In the clinical setting in which I was at bedside nurse, we worked a lot with different types of medical devices as it relates to heart transplant that were going through FDA trials. Essentially a pump that, for a patient whose heart is no longer functioning in a way that it can sustain life and let's say they are yet to get a transplant or another fix to it, this is a device that actually gets implanted into these patients that acts as their heart and gives them... It gives them more longevity until they are able to have a donor match for that organ transplant.
Some of the great things with doing that and as a bedside nurse for me is always honestly been just the connections that I've been able to make with families, patients, colleagues, and otherwise you really see people at their sort of most vulnerable and their weakest moments. So being able to see a little bit of sort of hope in them by you taking good care of them and listening to them and doing what's right by them and not treating them as just a number or a task that you have to check off, which as a nurse we are very task oriented because we have so many of them to do in a day, but it's really important to make sure we don't treat our patient care and interactions as a task because there's much more substance to it than that.
On the flip side to that, honestly the hardest part about being a nurse is, for me, I don't have a switch in me that I can just flip and turn the day off when I clock out at night. And so, you invest all of yourself into doing something like this. So me personally, the hardest part was just being able to try to shake it off and leave things at work and not take them home with me to where they affect me day to day.
What moved you to become a registered nurse in critical care in the first place? Was there a life motivating factor? Was it just something that interested you from your early days? What was that journey?
Yeah. I mean, so I've always been interested in the body, how it works. I've always thought it's very fascinating and I do have some folks in my family. My grandmother for example, was a nurse. And so that kind of made an impact on me. But honestly, before I became a nurse, I was an underwater welder. I worked primarily... A saturation diver and I worked primarily in the Gulf of Mexico in the oil field. And I got injured really bad while I was working on a job, and so I got permanently medically disqualified.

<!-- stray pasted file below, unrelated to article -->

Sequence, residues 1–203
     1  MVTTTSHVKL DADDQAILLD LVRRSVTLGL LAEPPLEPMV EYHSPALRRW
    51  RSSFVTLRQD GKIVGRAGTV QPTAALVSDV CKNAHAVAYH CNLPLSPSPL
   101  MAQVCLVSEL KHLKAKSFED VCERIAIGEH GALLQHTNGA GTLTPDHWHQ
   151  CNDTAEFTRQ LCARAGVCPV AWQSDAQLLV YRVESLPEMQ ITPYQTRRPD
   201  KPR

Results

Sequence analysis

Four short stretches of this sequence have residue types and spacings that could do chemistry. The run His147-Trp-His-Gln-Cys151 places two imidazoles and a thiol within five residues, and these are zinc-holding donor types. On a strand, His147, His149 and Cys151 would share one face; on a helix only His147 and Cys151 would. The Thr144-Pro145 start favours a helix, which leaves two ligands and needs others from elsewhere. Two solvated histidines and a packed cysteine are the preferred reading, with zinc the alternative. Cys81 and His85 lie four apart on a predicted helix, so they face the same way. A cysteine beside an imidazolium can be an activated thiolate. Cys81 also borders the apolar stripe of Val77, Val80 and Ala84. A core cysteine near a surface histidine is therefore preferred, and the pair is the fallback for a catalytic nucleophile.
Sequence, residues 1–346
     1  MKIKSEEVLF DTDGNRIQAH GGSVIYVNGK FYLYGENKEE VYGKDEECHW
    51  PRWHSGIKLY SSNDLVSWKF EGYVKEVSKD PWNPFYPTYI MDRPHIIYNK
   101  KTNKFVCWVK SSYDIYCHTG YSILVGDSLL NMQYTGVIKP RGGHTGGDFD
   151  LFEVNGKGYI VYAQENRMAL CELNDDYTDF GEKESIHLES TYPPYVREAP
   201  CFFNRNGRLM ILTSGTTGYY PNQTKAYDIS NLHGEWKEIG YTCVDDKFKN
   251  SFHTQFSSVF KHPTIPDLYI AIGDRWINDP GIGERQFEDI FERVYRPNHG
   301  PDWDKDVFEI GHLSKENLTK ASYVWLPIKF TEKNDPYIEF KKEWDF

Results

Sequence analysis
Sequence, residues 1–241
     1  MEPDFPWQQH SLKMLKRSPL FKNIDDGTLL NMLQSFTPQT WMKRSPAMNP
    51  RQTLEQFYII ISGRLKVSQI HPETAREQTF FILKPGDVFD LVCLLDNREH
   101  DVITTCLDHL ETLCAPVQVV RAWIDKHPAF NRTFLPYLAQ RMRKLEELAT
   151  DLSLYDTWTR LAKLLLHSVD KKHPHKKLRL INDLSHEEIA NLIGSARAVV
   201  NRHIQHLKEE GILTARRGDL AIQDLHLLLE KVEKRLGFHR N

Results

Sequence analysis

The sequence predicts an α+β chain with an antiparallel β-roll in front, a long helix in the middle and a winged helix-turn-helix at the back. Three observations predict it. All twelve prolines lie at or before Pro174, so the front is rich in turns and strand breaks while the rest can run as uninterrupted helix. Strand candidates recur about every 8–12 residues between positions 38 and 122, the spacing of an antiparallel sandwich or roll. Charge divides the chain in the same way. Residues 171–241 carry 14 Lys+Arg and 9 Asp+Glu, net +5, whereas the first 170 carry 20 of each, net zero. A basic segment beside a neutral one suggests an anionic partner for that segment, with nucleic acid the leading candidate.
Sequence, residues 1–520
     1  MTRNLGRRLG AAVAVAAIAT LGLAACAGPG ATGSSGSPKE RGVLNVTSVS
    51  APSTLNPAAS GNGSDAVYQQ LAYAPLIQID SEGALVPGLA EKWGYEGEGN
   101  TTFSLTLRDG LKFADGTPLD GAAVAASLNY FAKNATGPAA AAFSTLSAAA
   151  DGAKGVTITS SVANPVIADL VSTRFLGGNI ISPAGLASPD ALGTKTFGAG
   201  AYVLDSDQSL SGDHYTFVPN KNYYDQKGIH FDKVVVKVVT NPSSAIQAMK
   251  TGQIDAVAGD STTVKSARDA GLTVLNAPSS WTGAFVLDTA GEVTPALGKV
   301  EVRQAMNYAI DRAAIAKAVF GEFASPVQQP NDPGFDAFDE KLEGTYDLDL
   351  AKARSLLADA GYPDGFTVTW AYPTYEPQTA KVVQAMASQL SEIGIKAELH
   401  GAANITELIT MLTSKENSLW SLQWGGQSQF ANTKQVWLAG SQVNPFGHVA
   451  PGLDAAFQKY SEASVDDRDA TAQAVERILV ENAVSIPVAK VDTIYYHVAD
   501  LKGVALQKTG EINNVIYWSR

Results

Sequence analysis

And when I was going through part of the treatment and whatnot for my injury, just dealing with nurses and seeing kind of the impact that they were able to make on someone like me and the situation that I was going through, I feel like that really resonated to me as being not just a career you can be proud of per se in that you're making a decent living and it's a respectable career, but really more so than that, it's what you get out of it on a non-monetary sort of sense. Like I was saying before, the connections that you make and being able to see somebody go from a horrible situation and progress.
Yeah, and I mean feeling like you have a hand in saving a life or protecting a life. That is a very soulful work. It's work that takes a lot of mental and physical energy as well. How have you found ways to balance that so that you don't get too caught up in the negatives or too caught up in the positives even, right? So that you can create longevity in that career. And I mean I know you're no longer a registered nurse, so I guess while you were a nurse, how did you find that daily antidote for some of the realities of the job?
So one of them is being able to have people to talk to about it that can actually relate to a situation like that. And that's one of the biggest challenges I found. It's has been communicated to me from many other nurses in that when you go home at the end of the day, you can explain that situation, but the individual on the [inaudible 00:11:27], unless they're in this type of profession, they really don't fully understand. So I think having a good therapeutic outlet with individuals who can contribute to that conversation and maybe add some value to help you work through it is important. But one of the main things for me is I work out. I work out, I lift weights, I play guitar. Any sort of outlet that I can do that it's going to come out in a productive way, that's usually how I always dealt with it is just kind of dumping myself into something physical or artistic or something like that.
Did you have a specialty or a department that you worked in while you were a critical care nurse? And, what were some of your favorite parts about that specialty that you leaned into, if you did have one?
Yeah, so yeah, again, it was a pre-post heart lung transplant was the unit I was working on. So I mean I loved the fact that it was go, go, go fast pace. Literally there's the 12, 13, 14 hour days would go by in a blink of an eye at times. So I liked the high intensity level. I actually did really enjoy that and thrive on the stress of it. So all that were things I really did enjoy about it. It was kind of an adrenaline rush at times, if you will, in certain situations.